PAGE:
(Phys.org) —Over a puddle, up to the basket, off the high dive—we all take leaps from time to time.
Now, new research suggests that this acrobatic lifestyle began far back in our evolution, when the earliest primates were first emerging on Earth.
"What this study suggests to us is that a very unusual and impressively acrobatic lifestyle jumping through the trees set us on the road to evolving many of features we recognize today in primates, including humans," says Duke evolutionary anthropologist Doug Boyer.
Boyer and colleagues measured the ankle bones of 73 living and 38 extinct species of primates and found that throughout primate evolution, even our earliest ancestors were developing the bone structure to support long jumps. The results appear July 3 in PLoS ONE.
From the data, the scientists concluded that the ankle mechanics for better leaping in primates began to evolve around 55-60 million years ago. Boyer says natural selection seemed to favor a lifestyle of increasingly acrobatic locomotion in trees, including leaping long distances rapidly between branches.
Scientists had previously noticed that exceptional leapers had unusually elongated ankles. Boyer's study, however, is the first to simultaneously test for effects of both body mass and behavior on ankle-bone elongation.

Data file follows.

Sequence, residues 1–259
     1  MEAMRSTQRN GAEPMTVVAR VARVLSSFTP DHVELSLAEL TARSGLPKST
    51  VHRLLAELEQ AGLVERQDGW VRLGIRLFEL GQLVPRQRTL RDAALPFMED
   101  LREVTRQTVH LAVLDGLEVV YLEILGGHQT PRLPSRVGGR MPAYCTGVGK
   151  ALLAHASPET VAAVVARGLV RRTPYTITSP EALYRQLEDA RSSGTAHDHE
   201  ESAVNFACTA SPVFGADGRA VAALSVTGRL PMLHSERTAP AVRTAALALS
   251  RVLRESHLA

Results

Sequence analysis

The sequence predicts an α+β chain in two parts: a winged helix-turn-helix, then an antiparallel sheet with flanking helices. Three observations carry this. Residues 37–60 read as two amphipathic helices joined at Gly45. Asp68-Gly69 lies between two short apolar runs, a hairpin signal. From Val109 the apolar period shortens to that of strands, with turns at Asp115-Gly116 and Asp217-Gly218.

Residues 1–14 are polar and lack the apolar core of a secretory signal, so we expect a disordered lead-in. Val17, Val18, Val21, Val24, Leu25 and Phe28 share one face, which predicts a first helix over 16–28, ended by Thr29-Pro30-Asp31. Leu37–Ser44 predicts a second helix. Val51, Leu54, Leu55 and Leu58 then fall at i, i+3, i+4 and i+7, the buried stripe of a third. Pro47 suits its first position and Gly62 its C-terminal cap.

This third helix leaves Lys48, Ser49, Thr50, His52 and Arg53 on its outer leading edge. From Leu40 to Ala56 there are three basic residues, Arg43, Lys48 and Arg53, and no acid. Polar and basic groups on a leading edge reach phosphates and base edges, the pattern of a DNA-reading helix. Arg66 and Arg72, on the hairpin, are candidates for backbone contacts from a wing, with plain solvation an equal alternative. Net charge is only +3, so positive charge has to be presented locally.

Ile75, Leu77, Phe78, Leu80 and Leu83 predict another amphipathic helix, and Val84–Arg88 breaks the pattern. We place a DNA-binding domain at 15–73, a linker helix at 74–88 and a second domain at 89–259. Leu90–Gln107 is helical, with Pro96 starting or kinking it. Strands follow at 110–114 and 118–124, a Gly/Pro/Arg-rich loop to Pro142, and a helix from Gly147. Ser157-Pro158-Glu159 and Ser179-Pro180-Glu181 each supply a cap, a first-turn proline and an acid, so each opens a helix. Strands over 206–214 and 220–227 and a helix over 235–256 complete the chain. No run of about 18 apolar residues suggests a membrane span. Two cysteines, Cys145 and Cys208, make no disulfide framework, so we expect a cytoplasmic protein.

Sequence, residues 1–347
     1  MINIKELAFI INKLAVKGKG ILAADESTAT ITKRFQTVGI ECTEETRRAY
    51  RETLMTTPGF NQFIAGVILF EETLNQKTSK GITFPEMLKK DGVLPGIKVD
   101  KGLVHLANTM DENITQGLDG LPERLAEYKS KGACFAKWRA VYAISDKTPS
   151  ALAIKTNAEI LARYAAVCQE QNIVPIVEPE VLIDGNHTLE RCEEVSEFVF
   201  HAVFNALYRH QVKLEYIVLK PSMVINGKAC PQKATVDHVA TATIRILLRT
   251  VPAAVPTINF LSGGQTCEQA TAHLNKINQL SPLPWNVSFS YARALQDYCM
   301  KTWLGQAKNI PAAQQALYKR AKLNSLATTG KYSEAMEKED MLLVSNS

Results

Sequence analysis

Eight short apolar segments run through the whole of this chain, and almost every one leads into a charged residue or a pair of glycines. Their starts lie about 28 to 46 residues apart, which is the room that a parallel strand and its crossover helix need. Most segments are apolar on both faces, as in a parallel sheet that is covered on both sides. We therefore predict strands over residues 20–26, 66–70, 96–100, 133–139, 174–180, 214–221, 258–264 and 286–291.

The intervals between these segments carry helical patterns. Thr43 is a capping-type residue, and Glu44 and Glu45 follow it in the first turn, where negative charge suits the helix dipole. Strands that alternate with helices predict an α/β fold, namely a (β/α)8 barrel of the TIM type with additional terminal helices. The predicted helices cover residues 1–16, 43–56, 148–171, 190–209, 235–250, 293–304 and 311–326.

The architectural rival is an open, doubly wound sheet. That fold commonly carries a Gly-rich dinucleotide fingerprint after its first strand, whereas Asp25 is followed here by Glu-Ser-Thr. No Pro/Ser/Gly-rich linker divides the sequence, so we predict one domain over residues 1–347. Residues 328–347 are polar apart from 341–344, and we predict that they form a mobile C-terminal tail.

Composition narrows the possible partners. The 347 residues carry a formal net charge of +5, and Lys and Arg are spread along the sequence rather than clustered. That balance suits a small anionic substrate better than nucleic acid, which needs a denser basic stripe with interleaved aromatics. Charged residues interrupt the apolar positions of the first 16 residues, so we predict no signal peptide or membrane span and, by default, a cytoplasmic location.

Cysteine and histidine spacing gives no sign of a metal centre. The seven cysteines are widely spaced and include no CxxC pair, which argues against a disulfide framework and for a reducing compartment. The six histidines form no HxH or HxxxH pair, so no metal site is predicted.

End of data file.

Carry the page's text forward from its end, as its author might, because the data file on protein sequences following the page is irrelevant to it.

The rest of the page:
The team found a trade-off between body mass and ankle elongation. At larger body masses, ankles were proportionally shorter regardless of behavior. Yet, among animals of similar body size, the leapers had proportionally longer ankles, Boyer says. This was true among even fairly large primates, a contradiction to scientists' earlier view that there was no behavioral benefit of ankle elongation for bigger animals.
The study is also the first to look at incremental evolutionary changes leading from our earliest primate ancestors to all the modern living forms. Whether leaping was an important behavior for the earliest primates has been controversial.
From their fossil data, Boyer and colleagues could see that early primates were not specialized leapers. "For the most part many of them were generalists, clamoring around on trees, jumping around now and then, but possibly preferring to scamper rather than make huge leaps," he says.
This particular conclusion was not new. But the researchers' approach—looking at incremental evolution—allowed them to see more of a change. "The earliest primates were already better leapers than their ancestors, and the data show their descendents became even better yet," he explains.
The measurements also suggest that initial elongation of the bones for specialized leaping evolved two independent times in primates – once in lemur ancestors and once in the ancestor of tarsiers, monkeys, apes and other anthropoids like us.
The study didn't directly address human leaping, and it doesn't mean humans with longer ankles are better leapers. But, Boyer notes, it's not out of the range of possibility.
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More information: Boyer, D. et al. Evolution and allometry of calcaneal elongation in living and extinct primates, July 3, 2013. PLoS ONE. doi: 10.1371/journal.pone.0067792